Recall that if is a metric space, a function is upper semicontinuous if for all .
In [Li14], we established the existence and uniqueness of the equilibrium state for an expanding Thurston map and a given realvalued Hölder continuous potential. Here the sphere is equipped with a natural metric induced by , called a visual metric. (See Theorem 6.1.) The tools we used in [Li14] are from the thermodynamical formalism. Neither Theorem 1.1 nor Corollary 1.3 was used there. Note that Corollary 1.3 implies a partially stronger existence result than the one obtained in [Li14].
Theorem 1.4.
Let be an expanding Thurston map without periodic critical points and be a realvalued continuous function on (with respect to the standard topology). Then there exists at least one equilibrium state for the map and the potential .
See Section 6.1 for a quick proof after necessary definitions are given precisely.
Once we know the existence and uniqueness of the equilibrium states, one natural question to ask is how periodic points and iterated preimages are distributed with respect to such measures. We know that for an expanding Thurston map, iterated preimages and preperiodic points (and in particular, periodic points) are equidistributated with respect to the unique measure of maximal entropy (see [Li13] and [HP09]).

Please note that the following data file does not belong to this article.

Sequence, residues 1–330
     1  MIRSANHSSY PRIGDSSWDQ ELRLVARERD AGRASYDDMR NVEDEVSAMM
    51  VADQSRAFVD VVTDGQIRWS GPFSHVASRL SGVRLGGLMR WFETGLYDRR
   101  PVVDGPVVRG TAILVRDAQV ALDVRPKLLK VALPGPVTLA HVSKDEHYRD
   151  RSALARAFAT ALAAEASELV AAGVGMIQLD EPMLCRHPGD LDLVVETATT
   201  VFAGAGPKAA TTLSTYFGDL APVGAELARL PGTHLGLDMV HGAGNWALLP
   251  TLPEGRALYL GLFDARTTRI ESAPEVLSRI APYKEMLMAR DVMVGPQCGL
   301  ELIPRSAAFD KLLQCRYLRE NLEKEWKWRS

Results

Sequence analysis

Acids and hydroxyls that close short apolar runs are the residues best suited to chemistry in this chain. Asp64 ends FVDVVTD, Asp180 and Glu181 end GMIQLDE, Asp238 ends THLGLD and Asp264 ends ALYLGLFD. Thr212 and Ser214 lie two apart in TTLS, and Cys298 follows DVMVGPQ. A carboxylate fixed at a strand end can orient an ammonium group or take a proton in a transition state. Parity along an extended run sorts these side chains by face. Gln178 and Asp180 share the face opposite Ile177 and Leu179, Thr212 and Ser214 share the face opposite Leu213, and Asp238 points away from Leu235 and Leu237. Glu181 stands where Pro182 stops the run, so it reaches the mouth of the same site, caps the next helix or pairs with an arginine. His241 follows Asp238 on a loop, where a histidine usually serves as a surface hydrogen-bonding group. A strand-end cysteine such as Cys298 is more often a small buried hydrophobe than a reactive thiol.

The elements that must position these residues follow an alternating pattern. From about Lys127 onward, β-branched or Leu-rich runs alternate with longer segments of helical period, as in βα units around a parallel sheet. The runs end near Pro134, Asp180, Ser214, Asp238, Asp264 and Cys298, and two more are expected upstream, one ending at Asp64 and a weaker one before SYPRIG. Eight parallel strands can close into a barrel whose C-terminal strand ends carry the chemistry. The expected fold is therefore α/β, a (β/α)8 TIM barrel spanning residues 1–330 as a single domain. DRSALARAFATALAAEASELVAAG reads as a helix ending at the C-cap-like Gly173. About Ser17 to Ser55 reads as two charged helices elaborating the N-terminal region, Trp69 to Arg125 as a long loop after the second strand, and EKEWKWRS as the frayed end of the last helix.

Some versions of equidistribution of iterated preimages with respect to the unique equilibrium state for an expanding Thurston map and a Hölder continuous potential were obtained in [Li14]. We record them in Proposition 6.6. However, similar results for periodic points were inaccessible by the methods used in [Li14] due to technical difficulties arising from the existence of critical points.